To implement the programmes and policy of organic farming in a mission mode – Sikkim organic mission was launched on 15 August 2010. Under the mission some targets were decided to promote and adopt appropriate technologies for organic crops production, processing, branding and marketing of organic products of the state.

Mission target Target (hectares) Target achieved (hectares)

2010-11 18000 18234

2011-12 18000 19216

2012-13 14000 19188

Total 50000 56638

Source: Sikkim organic policy, Government of Sikkim Table 1

The dynamic “organic-Sikkim” vision is spread headed under the leadership of one of the largest serving Chief Minister Pawan Chamling, take a bold decision in state legislative assembly in 2003. According to “Sikkim organic vision” it takes 13 years to transition to an organic state. In the first phase, that spanned seven years, the government launched state – wide awareness programme building the capacity of its field officers on organic farming practices and developing and

documentation indigenous technical knowledge on bio-fertilizers and pesticides. Government created livelihood school. Where 835 educated unemployed youth were taught organic farming practices.

With the aim to become fully chemical free by December 2015, this programme was launched in 2010. In The programme several steps has been taken for fully organic farming.

Sikkim organic market: The state government for selling

organic varieties at 20 to 25 percent more prices than that of the conventional varieties. Proper tie-up with the retail outlets and wholesale markets of the metro cities were established for sale of organic products of Sikkim in these markets. Cold storage and refrigerated van facility were created in due course of time for temporary storage and transportation of production. For safely selling organic products in national and international market processing and packaging facilities were developed. Value additions have been done to organic products and brand name given to every item with “Organic Sikkim logo”.

The certification of lands: The state government carries

out certification of lands by accredited agencies, which follows the standards laid down in National programme for organic production. As per the standards its takes three year to certify organic and certifying agency assessed the land once a year for three years. During the three year period, the soil will clean itself without any special treatment. In case if any use of chemical is found in the land it takes another three years to get certified, under the state law, penalties of Rs one lacs and/or imprisonment up to three month are imposed for using or storing chemical fertilizers or pesticides.

Strategies for research backup: Realizing that research

(4)

Page 149 www.ijiras.com | Email: contact@ijiras.com amount in the soil to keep the productivity of produce at

about the same level.

Policy strategies for infra structure development: The

department FSAD and HCCD have constituted a technical advisory committee to support the Sikkim organic mission on technical matter. The committee decided to discourage the import of fertilizers, which have no guarantee of absence of chemical in the materials. Rather emphasis given to farm production of these inputs utilizing locally available resources. Under the guidance of this committee some policy strategies have been developed. Use of chemical fertilizers and pesticides were totally eradicated and replaced by organic manure, pesticides and eco-friendly input by providing subsidies for infrastructure like rural compost and vermi-compost units, encouraging bio-dynamics farming, Rishi krishi, Panchagauya krishi, Natural farming, Jaiva krishi etc. which are cheap and farm recourse based. Besides soil health, management and monitoring is very important in organic farming and thus, district wise soil testing laboratories were established. The present capacity of analyzing 25000 samples per annum has to be increased to 45000 samples to cover the entire farming families.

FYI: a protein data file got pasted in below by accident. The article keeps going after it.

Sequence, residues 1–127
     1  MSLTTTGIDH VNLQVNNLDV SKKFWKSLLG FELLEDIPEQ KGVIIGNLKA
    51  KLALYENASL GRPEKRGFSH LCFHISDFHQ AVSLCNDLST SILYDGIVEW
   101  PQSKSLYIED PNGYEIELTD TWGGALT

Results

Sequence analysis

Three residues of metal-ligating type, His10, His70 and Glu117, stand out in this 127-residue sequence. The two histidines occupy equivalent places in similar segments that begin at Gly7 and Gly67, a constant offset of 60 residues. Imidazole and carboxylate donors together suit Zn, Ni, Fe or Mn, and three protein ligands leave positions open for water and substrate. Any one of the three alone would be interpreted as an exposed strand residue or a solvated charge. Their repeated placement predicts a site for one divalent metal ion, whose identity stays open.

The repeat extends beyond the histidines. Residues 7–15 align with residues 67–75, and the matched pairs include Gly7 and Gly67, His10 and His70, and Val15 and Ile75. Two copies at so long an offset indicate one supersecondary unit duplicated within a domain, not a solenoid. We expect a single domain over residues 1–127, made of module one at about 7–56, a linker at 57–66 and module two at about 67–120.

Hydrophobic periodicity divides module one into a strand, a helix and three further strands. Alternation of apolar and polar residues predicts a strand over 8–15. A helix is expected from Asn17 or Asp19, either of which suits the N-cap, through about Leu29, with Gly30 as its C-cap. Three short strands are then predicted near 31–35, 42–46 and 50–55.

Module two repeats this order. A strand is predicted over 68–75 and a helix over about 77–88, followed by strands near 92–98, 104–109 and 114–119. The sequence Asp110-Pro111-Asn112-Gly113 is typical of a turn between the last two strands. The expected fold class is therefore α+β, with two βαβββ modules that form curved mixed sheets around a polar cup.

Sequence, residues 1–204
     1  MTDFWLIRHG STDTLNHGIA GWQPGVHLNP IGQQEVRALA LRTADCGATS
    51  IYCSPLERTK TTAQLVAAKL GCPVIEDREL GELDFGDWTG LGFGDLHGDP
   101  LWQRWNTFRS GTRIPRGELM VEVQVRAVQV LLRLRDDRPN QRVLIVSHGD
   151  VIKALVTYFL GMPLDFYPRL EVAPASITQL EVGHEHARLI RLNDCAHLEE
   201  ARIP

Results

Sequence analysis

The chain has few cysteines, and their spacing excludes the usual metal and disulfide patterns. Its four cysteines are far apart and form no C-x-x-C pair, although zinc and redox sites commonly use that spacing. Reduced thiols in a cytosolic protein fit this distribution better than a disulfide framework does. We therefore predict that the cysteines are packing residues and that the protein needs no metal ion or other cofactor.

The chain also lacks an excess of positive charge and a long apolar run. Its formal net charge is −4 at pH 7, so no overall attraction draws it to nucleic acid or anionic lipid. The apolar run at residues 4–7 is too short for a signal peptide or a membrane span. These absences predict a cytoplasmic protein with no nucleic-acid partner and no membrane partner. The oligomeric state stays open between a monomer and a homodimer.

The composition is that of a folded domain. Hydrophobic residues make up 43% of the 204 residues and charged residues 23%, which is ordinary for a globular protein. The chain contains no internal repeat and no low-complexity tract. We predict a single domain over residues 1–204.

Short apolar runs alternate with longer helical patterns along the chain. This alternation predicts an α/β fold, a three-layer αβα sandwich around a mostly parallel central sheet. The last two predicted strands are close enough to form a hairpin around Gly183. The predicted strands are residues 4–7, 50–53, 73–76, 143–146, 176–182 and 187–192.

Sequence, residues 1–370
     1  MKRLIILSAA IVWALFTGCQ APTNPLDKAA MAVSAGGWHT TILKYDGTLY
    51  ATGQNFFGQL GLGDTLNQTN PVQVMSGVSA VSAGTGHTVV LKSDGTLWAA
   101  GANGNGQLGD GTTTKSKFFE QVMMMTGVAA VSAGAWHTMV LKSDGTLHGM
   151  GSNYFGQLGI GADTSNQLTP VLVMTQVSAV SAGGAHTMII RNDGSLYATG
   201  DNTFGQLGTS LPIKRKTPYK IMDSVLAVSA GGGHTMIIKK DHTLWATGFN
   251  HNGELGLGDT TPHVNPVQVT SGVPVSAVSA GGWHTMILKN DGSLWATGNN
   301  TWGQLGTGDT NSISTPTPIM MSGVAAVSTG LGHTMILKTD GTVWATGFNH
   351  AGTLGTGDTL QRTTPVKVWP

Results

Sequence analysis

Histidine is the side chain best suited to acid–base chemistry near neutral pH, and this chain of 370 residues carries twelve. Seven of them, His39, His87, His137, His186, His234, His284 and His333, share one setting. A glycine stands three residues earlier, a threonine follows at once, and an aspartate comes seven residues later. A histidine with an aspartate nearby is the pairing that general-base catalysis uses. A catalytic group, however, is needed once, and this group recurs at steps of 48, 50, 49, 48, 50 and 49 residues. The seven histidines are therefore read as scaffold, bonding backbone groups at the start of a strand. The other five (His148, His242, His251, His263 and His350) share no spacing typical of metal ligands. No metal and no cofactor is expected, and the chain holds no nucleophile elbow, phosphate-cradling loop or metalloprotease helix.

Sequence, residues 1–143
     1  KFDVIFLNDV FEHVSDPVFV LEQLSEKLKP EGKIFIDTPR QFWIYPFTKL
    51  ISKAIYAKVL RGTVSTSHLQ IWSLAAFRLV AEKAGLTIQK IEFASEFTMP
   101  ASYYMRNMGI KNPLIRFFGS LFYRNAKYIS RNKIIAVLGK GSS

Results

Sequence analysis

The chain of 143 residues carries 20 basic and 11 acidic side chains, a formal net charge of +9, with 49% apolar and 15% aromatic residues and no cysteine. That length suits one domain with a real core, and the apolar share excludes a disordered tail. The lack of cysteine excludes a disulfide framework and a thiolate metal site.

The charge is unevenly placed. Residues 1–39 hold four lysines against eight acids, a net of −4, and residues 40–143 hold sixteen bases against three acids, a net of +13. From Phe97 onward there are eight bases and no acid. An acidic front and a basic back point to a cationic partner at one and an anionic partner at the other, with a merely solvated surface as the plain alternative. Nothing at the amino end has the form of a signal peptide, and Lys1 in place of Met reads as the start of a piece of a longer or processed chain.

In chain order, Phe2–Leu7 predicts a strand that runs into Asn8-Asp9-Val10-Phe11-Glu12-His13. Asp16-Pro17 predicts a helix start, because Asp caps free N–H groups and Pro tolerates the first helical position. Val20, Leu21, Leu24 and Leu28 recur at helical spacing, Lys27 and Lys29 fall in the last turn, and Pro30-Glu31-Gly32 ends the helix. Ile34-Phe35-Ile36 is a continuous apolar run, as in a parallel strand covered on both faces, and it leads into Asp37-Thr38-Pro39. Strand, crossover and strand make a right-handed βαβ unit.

IV. FUTURE CHALLENGES BEFORE SIKKIM FOR MAINTAINING A FULLY ORGANIC STATUS

Sikkim MP Prem Das Rai has suggested that there is a need to take up organic farming as a mission. He stated that the north east region can be the organic food producer for not only India but the rest of world. The region has this unique opportunity to leap frog economically which will help people get better livelihood and value for their produce. An adequate budget has be provided NEC for carrying out the mission of organic farming Sikkim did not receive any budgetary support from the centre for its efforts in the last 12 year. Sikkim has done on its own. This year the state has received its first grant of Rs42cores. Future inadequacy in fulfilling budget could lead to failure of the programme.

Agricultural scientist G.V. Ramanajanegulu, with the Hyderabad based center for sustainable agriculture, said that Sikkim has long been a food deficient state. Existing food productions there meets only 30 percent of the local population direct needs. The rest has to import from neighboring states. In making plans for organic agriculture the Sikkim government seems to have avoided discussion on two major issues food self sufficiency and nutritious food for all Sikkimees Rajeswari Sarala Raina said “that for a state to shift organic production it is enough to do certification, support on farm input generation and training programmes. Besides that the state has to begin with a policy goal of food sovereignty and minimizing nutritional inequality and then built the organic agriculture mission to cater to these overreaching policy goals.”